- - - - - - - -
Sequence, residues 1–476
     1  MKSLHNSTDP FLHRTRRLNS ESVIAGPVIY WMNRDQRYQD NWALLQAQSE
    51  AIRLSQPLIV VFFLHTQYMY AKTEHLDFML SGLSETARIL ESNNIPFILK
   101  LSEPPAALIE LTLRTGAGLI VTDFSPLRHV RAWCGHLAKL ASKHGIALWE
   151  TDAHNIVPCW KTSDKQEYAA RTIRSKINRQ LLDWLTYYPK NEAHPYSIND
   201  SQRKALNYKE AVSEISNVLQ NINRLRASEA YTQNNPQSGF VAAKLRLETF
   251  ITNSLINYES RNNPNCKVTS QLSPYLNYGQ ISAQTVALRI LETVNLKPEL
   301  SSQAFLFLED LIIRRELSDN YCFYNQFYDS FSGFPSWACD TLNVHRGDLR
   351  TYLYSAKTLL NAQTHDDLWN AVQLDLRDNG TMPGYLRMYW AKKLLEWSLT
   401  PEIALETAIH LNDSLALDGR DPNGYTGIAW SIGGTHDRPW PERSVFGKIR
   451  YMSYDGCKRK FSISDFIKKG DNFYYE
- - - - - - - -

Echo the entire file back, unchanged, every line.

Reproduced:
Sequence, residues 1–476
     1  MKSLHNSTDP FLHRTRRLNS ESVIAGPVIY WMNRDQRYQD NWALLQAQSE
    51  AIRLSQPLIV VFFLHTQYMY AKTEHLDFML SGLSETARIL ESNNIPFILK
   101  LSEPPAALIE LTLRTGAGLI VTDFSPLRHV RAWCGHLAKL ASKHGIALWE
   151  TDAHNIVPCW KTSDKQEYAA RTIRSKINRQ LLDWLTYYPK NEAHPYSIND
   201  SQRKALNYKE AVSEISNVLQ NINRLRASEA YTQNNPQSGF VAAKLRLETF
   251  ITNSLINYES RNNPNCKVTS QLSPYLNYGQ ISAQTVALRI LETVNLKPEL
   301  SSQAFLFLED LIIRRELSDN YCFYNQFYDS FSGFPSWACD TLNVHRGDLR
   351  TYLYSAKTLL NAQTHDDLWN AVQLDLRDNG TMPGYLRMYW AKKLLEWSLT
   401  PEIALETAIH LNDSLALDGR DPNGYTGIAW SIGGTHDRPW PERSVFGKIR
   451  YMSYDGCKRK FSISDFIKKG DNFYYE